City schools’ new math: Subtract $2M from budget
By Harold Gwin
Youngstown district officials said they should have a balance equal to two months of expenditures.
YOUNGSTOWN —The city school board’s finance committee wants the school administration to come up with an additional $2 million in spending cuts to help ensure the district’s financial health.
William Johnson, district treasurer, said Youngstown is on track to emerge from deficit spending in fiscal year 2011, which begins next summer.
His latest five-year forecast shows the general fund should end that year with a $7.5 million balance. It will be the first time since 2006 that the district takes in more than it spends without having to borrow money to make ends meet.
However, the district, which spends $9 million a month, should have a balance of at least $18 million, enough to cover two months’ of operation, to be considered financially healthy, he said.
To reach that level, the district would have to look at finding additional revenue or make additional cuts, Johnson told the committee.
Committee members Lock P. Beachum Sr. and Michael Murphy made it clear they’re not interested in any plan that would ask taxpayers for more money.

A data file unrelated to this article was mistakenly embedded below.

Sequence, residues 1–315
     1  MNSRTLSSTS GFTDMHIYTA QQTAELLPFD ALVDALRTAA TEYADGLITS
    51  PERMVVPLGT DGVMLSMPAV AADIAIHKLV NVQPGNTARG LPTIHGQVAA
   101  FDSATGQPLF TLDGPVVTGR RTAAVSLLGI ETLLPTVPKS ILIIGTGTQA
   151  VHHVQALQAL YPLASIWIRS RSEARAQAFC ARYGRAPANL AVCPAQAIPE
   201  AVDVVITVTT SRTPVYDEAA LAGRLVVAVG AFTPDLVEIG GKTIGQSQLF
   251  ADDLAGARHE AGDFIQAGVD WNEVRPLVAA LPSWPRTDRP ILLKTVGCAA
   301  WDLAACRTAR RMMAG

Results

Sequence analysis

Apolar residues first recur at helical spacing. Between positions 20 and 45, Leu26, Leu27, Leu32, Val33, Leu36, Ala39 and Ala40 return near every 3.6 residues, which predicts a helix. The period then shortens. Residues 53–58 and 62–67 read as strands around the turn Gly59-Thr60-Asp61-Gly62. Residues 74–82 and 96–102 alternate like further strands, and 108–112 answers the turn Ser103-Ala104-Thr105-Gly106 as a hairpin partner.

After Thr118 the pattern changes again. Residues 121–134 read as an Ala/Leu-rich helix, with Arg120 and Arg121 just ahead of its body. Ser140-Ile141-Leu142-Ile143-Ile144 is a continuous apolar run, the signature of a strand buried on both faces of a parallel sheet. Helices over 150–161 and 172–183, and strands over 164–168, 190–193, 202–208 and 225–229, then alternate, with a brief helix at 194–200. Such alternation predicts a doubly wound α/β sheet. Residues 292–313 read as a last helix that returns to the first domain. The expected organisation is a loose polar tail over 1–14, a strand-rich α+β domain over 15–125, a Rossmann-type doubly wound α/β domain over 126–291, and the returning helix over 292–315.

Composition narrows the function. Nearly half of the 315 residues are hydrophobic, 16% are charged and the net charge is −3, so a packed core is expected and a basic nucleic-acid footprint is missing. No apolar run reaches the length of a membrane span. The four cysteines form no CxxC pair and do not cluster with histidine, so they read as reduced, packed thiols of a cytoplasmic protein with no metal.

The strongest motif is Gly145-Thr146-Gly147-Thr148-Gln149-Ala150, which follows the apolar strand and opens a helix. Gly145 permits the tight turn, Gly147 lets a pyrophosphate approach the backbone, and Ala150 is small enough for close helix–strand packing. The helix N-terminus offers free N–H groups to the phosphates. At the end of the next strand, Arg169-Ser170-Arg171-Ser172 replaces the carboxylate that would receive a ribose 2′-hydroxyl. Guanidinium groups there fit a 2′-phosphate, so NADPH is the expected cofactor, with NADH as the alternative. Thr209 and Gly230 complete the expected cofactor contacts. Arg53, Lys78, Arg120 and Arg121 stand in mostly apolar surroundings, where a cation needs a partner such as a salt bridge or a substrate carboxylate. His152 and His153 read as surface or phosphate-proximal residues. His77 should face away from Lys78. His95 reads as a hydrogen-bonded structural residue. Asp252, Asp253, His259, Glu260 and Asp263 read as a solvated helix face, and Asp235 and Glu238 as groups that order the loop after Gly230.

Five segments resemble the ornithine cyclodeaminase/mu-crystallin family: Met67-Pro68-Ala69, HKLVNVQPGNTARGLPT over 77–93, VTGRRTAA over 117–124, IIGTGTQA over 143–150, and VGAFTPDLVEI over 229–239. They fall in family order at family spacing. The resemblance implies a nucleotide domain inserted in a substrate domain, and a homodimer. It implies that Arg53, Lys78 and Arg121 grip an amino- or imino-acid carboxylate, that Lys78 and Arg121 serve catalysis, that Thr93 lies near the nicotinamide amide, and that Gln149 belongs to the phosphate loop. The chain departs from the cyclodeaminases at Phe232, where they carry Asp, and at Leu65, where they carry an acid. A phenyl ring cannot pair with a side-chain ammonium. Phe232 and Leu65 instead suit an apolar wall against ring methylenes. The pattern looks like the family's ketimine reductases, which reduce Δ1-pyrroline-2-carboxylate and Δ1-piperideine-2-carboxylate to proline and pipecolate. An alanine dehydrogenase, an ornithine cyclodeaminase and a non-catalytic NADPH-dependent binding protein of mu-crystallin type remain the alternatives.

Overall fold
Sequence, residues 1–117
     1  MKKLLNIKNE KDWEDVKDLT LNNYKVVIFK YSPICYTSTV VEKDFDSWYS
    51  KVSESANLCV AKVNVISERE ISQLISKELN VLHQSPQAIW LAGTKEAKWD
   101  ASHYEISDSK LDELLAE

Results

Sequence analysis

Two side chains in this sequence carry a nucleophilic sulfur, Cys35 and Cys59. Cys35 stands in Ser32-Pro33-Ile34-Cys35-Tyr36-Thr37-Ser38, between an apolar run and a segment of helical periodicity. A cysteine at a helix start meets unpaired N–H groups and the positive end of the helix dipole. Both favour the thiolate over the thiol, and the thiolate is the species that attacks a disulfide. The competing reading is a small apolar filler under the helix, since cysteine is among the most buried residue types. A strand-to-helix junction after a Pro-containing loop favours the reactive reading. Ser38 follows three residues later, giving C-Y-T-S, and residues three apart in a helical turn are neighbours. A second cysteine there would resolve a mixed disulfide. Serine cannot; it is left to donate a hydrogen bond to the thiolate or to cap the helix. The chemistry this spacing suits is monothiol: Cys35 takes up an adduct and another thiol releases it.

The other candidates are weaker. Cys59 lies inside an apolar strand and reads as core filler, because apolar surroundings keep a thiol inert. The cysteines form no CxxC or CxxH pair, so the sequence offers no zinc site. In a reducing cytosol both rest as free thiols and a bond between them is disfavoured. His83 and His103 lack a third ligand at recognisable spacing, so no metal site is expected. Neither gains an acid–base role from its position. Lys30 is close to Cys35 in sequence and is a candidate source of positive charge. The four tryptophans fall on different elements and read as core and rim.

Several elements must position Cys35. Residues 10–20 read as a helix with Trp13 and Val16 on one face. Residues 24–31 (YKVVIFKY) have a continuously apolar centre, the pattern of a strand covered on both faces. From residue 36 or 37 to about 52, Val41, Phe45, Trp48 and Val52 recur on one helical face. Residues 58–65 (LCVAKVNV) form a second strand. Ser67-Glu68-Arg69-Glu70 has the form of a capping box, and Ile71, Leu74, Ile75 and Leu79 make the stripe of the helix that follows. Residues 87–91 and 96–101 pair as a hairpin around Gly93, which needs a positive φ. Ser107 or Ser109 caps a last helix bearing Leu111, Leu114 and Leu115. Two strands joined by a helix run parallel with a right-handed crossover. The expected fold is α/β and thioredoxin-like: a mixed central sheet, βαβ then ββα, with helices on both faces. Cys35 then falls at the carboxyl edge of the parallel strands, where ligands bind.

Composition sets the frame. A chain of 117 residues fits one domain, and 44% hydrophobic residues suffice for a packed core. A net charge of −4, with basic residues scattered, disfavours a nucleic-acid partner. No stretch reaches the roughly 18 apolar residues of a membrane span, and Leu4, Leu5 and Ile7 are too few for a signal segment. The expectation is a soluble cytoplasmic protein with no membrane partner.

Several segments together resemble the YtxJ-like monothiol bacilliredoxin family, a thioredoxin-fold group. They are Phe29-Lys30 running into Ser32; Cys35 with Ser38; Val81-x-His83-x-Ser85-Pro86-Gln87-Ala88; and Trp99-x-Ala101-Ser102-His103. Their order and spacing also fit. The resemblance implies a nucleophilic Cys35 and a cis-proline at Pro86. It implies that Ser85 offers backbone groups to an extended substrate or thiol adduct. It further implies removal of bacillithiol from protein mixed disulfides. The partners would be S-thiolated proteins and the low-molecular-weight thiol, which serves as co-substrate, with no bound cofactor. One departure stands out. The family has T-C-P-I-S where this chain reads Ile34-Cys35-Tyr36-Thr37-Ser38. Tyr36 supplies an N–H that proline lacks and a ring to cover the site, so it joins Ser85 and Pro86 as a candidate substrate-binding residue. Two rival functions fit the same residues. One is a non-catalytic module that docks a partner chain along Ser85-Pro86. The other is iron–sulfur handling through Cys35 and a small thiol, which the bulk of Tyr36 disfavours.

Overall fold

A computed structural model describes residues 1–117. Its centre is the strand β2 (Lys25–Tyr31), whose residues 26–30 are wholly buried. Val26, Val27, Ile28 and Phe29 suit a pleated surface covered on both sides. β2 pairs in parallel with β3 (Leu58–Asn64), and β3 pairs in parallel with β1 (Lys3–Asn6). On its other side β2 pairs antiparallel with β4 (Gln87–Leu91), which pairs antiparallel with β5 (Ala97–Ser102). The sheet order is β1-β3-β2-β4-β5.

Come up with a list of additional possible spending reductions, enough to get a balanced budget and secure financial health, Beachum, committee chairman, advised Johnson.
“We have to have the mind-set that we’ll never pass a levy,” Murphy added.
An emergency five-year, 9.5-mill tax levy approved by voters last year will run only another four years, producing $5.2 million per year in additional revenue.
The district has made extensive cuts over the last couple of years, eliminating 450 jobs and about $26 million in spending as it works to get out of state-declared fiscal emergency.
Some $5.1 million in cuts and 77 job eliminations are planned for fiscal year 2010, which begins July 1.
The administration has done a good job making cuts in the past, and the district has to continue that approach, Beachum said.
“We’ll get you some more reductions,” Johnson told the committee, agreeing that $2 million will be the target figure.
His five-year forecast shows Youngstown ending this fiscal year with a $2 million fund balance, but that’s after the district has borrowed $5.2 million from itself and $3 million more from the state to balance the general fund.
That balance may not hold, Johnson said, noting that the Ohio Department of Education has warned the district that $1.7 million in state Homestead tax break reimbursement funds that were due the district in May might not come until after some time in July, after the end of the fiscal year.
“It may put us into the red,” he said.
Johnson has said the district, which has been in financial emergency since November 2006, shouldn’t have to borrow any more money in the future to balance its budget.
The spending cuts coupled with the five-year tax levy have been effective in revamping Youngstown’s finances, he said.
Overall, “We’re very happy with where we’re sitting right now,” he said.